Background and Objectives: In contrast with sporadic colorectal cancer liver metastases (CRLM), inflammatory bowel disease (IBD)-related CRLM have not been studied to date. Methods: Patients who underwent resection for IBD-related and sporadic CRLM from 2000 to 2015 were identified from an international registry and matched for pertinent prognostic variables. Overall survival (OS) and recurrence-free survival (RFS) were subsequently assessed. Results: Twenty-eight patients had IBD-related CRLM. Synchronous extrahepatic disease was more common in IBD-related CRLM patients than patients with sporadic CRLM (28.6% vs 8.3%; P < 0.001), most commonly located in the lungs. In multivariable analysis, IBD did not have a significant influence on OS (P = 0.835), and had a hazard ratio (HR) close to 1 (HR, 0.95; 95% confidence interval [CI], 0.57-1.57). IBD was also not associated with inferior RFS (HR, 1.07; 95%CI, 0.68-1.68; P = 0.780). Among patients with IBD-related CRLM, 9(50%) had isolated intrahepatic recurrence and 8(44.4%) isolated extrahepatic recurrence, while only 1(5.6%) developed combined recurrence. Of those who experienced recurrence after resection of IBD-related CRLM, 10 had their recurrence treated with curative intent. Conclusions: Patients with IBD-related CRLM had similar survival compared with patients with sporadic CRLM, even though they more often present with extrahepatic disease. In addition, patients with IBD-related CRLM may experience patterns of recurrence different from patients with sporadic CRLM.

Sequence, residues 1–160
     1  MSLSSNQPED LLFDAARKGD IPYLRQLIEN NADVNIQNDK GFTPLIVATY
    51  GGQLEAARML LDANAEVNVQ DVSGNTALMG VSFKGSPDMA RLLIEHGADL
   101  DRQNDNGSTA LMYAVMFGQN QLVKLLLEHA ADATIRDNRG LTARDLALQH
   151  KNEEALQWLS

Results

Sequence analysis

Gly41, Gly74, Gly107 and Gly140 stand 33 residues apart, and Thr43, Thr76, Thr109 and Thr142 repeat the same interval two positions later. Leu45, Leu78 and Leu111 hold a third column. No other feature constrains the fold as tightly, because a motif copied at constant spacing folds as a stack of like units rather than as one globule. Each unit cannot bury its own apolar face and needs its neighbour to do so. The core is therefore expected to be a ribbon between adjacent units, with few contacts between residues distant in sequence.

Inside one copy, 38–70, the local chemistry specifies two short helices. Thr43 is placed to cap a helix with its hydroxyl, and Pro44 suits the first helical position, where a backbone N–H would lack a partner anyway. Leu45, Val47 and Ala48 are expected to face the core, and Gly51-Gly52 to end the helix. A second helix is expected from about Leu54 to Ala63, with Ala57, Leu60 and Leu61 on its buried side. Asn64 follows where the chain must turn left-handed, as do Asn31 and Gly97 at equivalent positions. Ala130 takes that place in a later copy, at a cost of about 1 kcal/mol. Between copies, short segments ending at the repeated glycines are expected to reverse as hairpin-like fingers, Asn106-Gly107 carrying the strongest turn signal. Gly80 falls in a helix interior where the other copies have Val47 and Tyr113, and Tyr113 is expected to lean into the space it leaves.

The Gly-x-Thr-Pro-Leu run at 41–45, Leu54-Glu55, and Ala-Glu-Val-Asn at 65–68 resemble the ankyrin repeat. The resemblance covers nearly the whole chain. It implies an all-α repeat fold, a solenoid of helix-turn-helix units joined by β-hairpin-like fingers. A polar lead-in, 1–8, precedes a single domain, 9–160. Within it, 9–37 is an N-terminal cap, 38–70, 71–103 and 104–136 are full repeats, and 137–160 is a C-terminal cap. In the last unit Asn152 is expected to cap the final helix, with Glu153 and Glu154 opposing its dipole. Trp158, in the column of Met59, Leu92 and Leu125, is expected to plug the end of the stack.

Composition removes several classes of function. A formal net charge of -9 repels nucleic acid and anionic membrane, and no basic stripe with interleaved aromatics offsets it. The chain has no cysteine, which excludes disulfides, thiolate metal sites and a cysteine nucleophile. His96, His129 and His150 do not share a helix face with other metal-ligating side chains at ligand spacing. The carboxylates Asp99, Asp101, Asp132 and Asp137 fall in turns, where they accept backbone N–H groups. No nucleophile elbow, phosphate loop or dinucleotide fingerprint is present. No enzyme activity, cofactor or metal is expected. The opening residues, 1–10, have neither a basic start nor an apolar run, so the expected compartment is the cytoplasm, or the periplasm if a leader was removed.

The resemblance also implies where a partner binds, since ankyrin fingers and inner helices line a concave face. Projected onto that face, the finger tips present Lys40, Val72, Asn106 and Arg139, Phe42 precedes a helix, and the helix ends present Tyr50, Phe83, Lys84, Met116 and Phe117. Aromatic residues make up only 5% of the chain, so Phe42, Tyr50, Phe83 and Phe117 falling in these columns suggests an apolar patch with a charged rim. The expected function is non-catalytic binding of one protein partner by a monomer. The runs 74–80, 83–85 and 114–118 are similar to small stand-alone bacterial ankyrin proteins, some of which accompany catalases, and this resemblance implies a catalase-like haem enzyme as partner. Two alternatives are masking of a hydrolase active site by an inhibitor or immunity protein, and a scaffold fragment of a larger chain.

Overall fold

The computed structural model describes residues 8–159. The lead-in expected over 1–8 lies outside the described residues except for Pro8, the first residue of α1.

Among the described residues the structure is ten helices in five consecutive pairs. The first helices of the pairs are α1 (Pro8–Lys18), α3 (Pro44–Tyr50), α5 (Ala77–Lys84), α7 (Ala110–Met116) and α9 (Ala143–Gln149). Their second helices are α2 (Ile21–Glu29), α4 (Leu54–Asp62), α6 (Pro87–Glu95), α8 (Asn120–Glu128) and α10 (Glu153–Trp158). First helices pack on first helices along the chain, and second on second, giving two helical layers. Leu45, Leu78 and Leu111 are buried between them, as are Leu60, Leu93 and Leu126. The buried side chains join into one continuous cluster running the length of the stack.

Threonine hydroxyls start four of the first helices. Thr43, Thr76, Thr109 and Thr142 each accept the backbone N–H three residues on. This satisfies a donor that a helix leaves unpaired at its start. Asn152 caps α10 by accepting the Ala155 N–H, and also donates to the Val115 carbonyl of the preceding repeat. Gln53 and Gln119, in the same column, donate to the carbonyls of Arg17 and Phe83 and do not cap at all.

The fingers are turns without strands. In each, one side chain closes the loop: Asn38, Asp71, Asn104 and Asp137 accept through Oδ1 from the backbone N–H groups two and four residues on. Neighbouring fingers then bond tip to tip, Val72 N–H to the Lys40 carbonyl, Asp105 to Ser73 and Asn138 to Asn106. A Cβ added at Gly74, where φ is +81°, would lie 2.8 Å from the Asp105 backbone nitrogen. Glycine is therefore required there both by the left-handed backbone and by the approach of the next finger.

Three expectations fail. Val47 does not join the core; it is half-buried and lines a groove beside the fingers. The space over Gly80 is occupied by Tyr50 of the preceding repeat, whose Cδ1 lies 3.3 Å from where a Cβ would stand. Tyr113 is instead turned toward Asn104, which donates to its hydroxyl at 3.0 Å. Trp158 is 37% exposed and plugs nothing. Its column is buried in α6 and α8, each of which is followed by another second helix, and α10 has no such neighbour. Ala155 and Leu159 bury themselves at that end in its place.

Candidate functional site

colorectal liver metastases (CRLM), inflammatory bowel disease (IBD), overall survival (OS), recurrence
dx.doi.org/10.1002/jso.25251, hdl.handle.net/1765/110614
Journal of Surgical Oncology
Department of Surgery

Margonis, G.A. (Georgios Antonios), Büttner, S, Andreatos, N. (Nikolaos), Wagner, D. (Doris), Sasaki, K. (Kazunari), Galjart, B. (Boris), … Weiss, M. (2018). The prognosis of colorectal cancer liver metastases associated with inflammatory bowel disease: An exploratory analysis. Journal of Surgical Oncology. doi:10.1002/jso.25251